As someone who writes extensively on a keyboard and who has experienced the numbness, buzzing, and pain of early phases of carpal tunnel syndrome, I still can’t imagine how advanced stages feel. Islander and New York Times bestselling author Cat Valente is experiencing CTS; she shares her pain with readers and talks about the relative silence of her keyboard recently. On her blog, she writes:

Carpal tunnel is, if your work involves keyboards, more a question of when and how bad rather than if. Of course I’ve had aching wrists before at the end of marathon writing sessions, banging toward a deadline with my usual barrel-girl over Niagara Falls habits. And yes, my hands had been going numb during those last weeks of the book. I woke up in the night completely fuzzed out from the forearms down. But I didn’t think much about it, because I don’t think about much else when I’m pushing my body to finish a project. And then, some combination of finishing Radiance and immediately sitting down at my spinning wheel for hours on end to make Christmas presents pushed me over a line I didn’t know was there. I woke up, not numb, but in agony, with a burning ache in my wrists and forearms and hands. I was trying to cut up fennel for dinner and couldn’t keep a grip on the knife; I dropped it, my hands shaking.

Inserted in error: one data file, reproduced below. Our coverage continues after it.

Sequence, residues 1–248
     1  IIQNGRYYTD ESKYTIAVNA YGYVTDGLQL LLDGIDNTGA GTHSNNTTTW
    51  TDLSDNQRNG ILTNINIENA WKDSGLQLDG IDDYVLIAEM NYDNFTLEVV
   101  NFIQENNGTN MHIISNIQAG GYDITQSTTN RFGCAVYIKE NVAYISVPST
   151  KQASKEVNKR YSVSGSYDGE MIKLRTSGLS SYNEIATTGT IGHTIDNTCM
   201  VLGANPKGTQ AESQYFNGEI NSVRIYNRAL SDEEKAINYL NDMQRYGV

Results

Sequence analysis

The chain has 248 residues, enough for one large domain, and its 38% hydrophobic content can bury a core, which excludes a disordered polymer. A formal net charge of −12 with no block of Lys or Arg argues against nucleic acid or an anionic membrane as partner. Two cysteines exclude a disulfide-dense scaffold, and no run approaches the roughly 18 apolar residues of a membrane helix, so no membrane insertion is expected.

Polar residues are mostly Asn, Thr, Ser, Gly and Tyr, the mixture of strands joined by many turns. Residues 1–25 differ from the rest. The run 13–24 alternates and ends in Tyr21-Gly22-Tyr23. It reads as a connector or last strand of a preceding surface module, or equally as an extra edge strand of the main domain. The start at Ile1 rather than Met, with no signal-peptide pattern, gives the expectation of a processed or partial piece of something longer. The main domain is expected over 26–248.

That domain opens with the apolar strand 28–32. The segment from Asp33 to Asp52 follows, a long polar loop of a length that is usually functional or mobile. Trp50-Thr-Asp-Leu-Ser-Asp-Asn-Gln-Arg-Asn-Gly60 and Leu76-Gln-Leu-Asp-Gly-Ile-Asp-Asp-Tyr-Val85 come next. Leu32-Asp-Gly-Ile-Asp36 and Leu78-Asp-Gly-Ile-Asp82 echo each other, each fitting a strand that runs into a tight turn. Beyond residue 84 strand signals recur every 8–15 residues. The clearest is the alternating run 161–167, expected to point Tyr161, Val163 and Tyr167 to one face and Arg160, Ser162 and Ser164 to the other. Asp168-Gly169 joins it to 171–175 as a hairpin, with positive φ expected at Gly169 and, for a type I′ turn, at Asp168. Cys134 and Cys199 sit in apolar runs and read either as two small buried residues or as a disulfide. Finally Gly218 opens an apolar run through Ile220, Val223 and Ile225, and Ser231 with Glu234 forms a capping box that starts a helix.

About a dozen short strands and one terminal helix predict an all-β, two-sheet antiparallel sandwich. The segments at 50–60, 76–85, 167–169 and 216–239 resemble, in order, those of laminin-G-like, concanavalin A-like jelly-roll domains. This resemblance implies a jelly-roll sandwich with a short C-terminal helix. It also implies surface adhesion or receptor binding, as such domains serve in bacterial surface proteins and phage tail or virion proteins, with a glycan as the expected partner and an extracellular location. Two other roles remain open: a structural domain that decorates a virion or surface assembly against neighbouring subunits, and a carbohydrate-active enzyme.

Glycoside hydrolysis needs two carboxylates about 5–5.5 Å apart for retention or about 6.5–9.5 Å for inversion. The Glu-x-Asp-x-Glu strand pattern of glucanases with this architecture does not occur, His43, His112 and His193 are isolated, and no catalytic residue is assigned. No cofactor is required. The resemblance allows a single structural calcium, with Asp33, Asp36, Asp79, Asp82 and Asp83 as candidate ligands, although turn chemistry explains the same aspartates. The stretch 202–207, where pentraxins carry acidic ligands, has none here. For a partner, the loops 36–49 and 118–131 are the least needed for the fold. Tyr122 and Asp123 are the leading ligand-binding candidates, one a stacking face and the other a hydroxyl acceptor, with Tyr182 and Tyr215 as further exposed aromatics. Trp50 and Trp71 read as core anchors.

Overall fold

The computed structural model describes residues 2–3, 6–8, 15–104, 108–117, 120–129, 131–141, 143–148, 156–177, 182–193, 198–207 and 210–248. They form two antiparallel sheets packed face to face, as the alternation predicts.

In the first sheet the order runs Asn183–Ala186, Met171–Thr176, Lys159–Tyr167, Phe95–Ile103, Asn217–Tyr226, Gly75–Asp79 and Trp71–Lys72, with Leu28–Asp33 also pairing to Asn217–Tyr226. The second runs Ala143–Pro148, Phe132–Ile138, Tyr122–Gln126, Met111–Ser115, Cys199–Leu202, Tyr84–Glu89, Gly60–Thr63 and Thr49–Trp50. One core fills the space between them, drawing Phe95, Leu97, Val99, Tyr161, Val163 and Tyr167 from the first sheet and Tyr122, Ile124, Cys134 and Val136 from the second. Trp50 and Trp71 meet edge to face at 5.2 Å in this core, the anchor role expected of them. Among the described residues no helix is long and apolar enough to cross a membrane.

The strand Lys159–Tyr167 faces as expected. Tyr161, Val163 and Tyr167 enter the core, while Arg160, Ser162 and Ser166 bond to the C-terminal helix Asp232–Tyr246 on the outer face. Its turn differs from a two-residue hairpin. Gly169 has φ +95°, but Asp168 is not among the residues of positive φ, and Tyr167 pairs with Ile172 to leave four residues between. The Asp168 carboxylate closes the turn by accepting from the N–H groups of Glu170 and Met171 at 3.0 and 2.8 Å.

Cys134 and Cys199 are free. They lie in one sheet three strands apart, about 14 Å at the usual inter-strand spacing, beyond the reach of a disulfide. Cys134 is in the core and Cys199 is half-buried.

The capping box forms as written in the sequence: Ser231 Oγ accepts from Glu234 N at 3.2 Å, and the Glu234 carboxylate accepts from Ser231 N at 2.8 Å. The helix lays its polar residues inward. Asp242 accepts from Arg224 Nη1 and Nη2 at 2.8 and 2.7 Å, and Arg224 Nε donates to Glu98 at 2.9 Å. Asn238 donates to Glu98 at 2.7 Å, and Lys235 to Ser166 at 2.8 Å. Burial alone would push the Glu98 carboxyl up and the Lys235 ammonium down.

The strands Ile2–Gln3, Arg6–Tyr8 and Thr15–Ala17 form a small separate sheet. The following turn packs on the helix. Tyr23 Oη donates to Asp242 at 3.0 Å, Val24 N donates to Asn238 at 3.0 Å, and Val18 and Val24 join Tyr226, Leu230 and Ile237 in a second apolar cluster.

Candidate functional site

And that’s how I became the Armless Maiden, the Girl Without Hands.

Read Catherynne’s full post here and join me in wishing her a full and speedy recovery. And before you feel symptoms of the early phase of this condition, learn as much as you can about how to prevent carpal tunnel syndrome – proper working position (office ergonomics), proper keyboard habits, frequent stretching, and many more factors.

Stay well and stay in touch.

Peaks Island Press offers behind-the-scenes glimpses of a vibrant, literary community perched on Peaks Island, two miles off the coast of the beautiful and award-winning city of Portland, Maine. If you haven’t already, you may subscribe in the upper right corner at http://www.peaksislandpress.com.

The Girl Who Soared Over Fairyland and Cut the Moon in Two: Cat Valente

An illustration from The Girl Who Soared Over Fairyland

An illustration from The Girl Who Soared Over Fairyland

Peaks Island author Catherynne Valente has just published “The Girl Who Soared Over Fairyland and Cut the Moon in Two,” her third in a five-part YA fantasy series that has placed her on the New York Times bestseller list.